»Events»Options must be internal (but don’t blame me if I don’t always do what I ought) - Toby Solomon
Options must be internal (but don’t blame me if I don’t always do what I ought) - Toby Solomon
Photo by Brandi Redd on Unsplash
Speaker: Toby Solomon
Abstract: Many people believe that ought implies can. However, when the ``ought’’ in question is the ``ought’’ of ``rationally ought’’ there is a tension between this thesis and another—that the demands of rationality should be first-person accessible. Or, in other words, that what an agent rationally ought to do depends only on how the agent views things to be and not on how the world, unbeknownst to them, happens to be. Unfortunately, as I will show, this tension cannot be avoided—uncertainty about whether we can actually perform our options is unavoidable (contra Hedden, "Options and the subjective ought", Phil. Stud., 2012). Koon has argued that we should resolve this tension in favour of ought-implies-can ("Options must be external", Phil. Stud., 2020). Here I will argue that, on the contrary, we must resolve it in favour of first-person-accessibility—at least when ``rationally ought’’ is intended to play an action guiding role. Things are somewhat more complicated when it comes to the roles that ``rationally ought’’ might play in prediction and ascribing responsibility. I will argue that to capture all the uses we want to put rational-oughts to we will need a whole spectrum of them, varying in which inputs to a decision they take to be objective or subjective. What you ought rationally do in the action guiding sense can come apart from what you rationally ought to have done in the responsibility sense—you can't always be blamed for failing to do what you ought.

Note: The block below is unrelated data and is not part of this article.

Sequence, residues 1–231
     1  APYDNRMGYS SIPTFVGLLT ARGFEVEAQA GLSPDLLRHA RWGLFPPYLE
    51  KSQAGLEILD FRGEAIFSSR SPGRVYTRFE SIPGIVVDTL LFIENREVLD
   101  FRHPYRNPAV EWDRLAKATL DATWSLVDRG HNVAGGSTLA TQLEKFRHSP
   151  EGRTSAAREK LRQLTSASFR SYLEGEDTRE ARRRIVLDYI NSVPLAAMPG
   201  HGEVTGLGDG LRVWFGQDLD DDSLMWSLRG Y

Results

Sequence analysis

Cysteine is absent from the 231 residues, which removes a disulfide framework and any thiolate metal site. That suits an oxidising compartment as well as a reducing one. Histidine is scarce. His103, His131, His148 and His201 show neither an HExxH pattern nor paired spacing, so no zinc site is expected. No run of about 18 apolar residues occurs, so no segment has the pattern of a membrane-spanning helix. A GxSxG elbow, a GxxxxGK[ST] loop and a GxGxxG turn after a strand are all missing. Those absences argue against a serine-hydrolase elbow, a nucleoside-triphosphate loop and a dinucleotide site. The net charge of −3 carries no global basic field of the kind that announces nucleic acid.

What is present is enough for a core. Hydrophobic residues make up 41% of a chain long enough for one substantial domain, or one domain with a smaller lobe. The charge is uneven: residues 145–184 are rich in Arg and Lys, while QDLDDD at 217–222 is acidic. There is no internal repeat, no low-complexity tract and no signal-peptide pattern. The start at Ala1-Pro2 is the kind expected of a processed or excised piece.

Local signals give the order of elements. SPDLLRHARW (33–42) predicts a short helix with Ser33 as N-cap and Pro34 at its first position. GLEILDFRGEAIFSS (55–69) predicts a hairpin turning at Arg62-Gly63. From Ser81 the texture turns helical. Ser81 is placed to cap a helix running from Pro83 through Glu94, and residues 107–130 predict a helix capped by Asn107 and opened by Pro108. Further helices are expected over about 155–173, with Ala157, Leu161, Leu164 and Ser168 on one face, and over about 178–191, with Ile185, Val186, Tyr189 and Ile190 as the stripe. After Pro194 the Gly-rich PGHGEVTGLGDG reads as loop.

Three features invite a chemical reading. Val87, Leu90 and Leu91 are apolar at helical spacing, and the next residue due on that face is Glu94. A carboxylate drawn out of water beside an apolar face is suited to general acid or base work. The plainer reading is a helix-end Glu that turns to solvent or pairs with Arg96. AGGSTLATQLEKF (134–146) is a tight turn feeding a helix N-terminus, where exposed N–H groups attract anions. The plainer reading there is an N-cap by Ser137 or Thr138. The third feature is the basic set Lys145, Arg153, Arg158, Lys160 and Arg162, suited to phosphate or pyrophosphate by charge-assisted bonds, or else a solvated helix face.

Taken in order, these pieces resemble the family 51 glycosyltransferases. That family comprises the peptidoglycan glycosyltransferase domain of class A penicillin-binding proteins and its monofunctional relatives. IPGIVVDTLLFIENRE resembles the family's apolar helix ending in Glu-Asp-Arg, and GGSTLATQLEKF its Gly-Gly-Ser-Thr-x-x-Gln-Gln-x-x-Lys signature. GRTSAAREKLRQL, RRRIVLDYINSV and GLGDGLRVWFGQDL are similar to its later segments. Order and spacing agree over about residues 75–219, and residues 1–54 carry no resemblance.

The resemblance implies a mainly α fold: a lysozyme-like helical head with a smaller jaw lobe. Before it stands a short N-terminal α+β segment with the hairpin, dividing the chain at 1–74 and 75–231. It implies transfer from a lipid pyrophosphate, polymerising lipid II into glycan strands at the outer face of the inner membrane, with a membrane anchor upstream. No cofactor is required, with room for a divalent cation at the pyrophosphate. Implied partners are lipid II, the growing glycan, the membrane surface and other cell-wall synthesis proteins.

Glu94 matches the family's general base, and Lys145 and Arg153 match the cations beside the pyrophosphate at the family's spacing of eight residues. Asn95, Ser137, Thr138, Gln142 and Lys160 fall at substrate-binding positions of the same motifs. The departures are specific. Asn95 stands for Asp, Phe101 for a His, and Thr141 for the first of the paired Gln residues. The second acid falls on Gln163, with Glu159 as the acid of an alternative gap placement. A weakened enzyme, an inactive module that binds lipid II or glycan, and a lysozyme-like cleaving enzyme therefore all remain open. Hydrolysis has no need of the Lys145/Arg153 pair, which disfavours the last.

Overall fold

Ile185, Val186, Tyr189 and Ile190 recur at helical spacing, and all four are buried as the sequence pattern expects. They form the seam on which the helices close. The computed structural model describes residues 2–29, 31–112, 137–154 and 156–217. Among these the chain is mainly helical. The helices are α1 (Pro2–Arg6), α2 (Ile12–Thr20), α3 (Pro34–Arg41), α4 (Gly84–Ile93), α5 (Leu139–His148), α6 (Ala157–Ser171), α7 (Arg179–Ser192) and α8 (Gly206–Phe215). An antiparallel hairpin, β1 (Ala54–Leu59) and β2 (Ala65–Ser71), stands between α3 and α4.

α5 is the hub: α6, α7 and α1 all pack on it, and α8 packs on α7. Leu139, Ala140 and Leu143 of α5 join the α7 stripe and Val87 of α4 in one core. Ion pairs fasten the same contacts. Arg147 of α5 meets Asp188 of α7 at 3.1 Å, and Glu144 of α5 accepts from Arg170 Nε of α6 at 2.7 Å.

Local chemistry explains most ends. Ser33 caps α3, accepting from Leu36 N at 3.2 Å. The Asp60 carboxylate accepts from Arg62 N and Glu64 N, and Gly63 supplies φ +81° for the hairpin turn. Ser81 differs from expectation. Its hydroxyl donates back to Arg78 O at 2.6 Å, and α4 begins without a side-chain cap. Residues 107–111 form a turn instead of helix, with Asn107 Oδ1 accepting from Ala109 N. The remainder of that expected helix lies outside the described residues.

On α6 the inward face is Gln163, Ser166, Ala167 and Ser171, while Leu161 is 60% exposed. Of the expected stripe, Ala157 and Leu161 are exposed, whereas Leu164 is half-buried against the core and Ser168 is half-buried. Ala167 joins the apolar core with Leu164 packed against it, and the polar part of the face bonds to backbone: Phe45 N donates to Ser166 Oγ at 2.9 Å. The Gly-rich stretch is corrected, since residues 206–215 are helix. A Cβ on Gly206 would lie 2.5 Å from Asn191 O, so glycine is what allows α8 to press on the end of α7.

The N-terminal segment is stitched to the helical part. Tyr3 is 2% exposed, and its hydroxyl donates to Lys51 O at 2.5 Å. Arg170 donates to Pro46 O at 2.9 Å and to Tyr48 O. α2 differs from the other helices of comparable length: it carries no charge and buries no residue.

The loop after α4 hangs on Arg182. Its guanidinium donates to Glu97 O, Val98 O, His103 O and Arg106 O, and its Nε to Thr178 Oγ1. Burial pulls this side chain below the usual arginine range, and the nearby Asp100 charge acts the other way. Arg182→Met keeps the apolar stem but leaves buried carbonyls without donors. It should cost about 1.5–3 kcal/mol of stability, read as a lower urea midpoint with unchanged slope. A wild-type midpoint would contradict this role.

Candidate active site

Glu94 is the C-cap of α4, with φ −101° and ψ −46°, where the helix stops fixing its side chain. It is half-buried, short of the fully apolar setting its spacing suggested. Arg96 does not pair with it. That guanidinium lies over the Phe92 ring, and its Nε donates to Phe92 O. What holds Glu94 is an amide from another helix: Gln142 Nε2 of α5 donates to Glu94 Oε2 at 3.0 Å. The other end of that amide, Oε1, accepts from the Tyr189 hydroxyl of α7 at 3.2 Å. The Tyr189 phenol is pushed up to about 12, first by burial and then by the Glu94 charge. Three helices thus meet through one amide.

Please note that these seminars are open to the public and in person only.